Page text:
3. aussie sunshine – “Not very wise!! Don´t forget that Franco was Galician and very much liked in his hometown. Now a foreigner comes along implanting his own rules…I think you will have sell up very soon in the future”

    Good point. Living in Spain if you want to get along with everyone you need to pretend to be on the right with the righties and on the left with the lefties simultaneously. If your address is Franco Street 7 you’d better play nice with your neighbors.

  4. Unbelieveable, especially as the man is Scots it would have been no surprise had he been a Sassanach.

    He’s been living in Galicia for 3 years and he has’nt sussed that in Galicia, Franco is not dead.

    Not only is Franco not dead there but as any open minded Gallego will tell you – Galicia is 30 years behind the rest of Spain and it is still impossible to get any kind of official post if you don’t come from a Fascist family background.

    It was’nt only the atrocious weather that made us leave within 2 years. Most of those that opposed Franco were made to go for a walk in the night from which they never returned – the Costa del Muerte is well named as that is where the bodies of those who were murdered were dumped as fish food and their families were ‘encouraged’ to leave Spain.

    I openly berated the Alcalde in Ortigeuria for being a Fascist pimp. The only reason something similar did’nt happen to me is I have ‘friends’ who are experienced in special ops and the scum knew that.

    The troll has no morals and no balls – well that is no surprise.

  5. As an Englishman i am insulted that Jose Manuel Brana even mentioned the English.
    I demand a public apology.
    His ignorance is insulting to all people everywhere. He should not be in public office if his education was only limited to some facist cult propaganda. He really needs to make amends and apologise to the Scotsman, and the English (and slip in a sincere thanks would help).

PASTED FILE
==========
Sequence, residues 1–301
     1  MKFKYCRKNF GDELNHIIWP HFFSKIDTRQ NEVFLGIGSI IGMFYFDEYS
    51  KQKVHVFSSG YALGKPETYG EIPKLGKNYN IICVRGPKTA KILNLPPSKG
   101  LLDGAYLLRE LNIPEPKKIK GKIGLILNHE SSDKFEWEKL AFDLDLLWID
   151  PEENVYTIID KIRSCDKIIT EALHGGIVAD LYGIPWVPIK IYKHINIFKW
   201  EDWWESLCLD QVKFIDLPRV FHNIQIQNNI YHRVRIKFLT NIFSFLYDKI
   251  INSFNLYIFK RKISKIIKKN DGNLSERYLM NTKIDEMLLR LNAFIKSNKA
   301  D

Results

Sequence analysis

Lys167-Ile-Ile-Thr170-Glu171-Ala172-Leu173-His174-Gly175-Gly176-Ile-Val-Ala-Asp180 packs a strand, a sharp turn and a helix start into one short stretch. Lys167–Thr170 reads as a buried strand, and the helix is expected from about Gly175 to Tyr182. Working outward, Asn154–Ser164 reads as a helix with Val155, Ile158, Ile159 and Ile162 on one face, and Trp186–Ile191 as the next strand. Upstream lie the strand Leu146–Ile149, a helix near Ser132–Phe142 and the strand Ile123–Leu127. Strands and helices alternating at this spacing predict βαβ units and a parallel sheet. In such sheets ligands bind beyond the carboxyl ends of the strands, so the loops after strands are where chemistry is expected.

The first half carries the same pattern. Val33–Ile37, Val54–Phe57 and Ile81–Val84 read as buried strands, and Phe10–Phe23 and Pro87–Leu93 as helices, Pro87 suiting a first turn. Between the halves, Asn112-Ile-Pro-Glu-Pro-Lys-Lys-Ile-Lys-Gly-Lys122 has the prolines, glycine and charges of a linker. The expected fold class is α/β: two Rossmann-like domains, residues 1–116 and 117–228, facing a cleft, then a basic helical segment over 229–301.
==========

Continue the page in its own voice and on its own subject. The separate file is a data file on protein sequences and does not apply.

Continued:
6. As a Galician, I find it insulting that people would still think that Franco is any more popular here than elsewhere in Spain simply because it’s Franco’s birth place. Even his home town of Ferrol elected a Galician nationalist as mayor a few years ago. However, it is also insulting that Galicia has the worst breed of PP councillors and mayors in Spain, mainly because it has too many councils and has to scrape which means that any old cronies can get elected with little effort and regardless of political views.

  7. Aussie sunshine,
    as usual your talking rubbish – it’s the Policia National that you still have to be careful of.

    I lived in an apartment block with 3 neighbours – 2 were Guardia and one Policia local – all nice blokes and often had a drink with them – your comments are 30 years out of date.

  8. My family sheltered two young ladies who escaped the mass murders under the Catholic fascist Franco. Under former president Aznar the world was led to believe all statues and plaques devoted to caudillo Franco had been removed from public places and the churches.

HAVE YOUR SAY...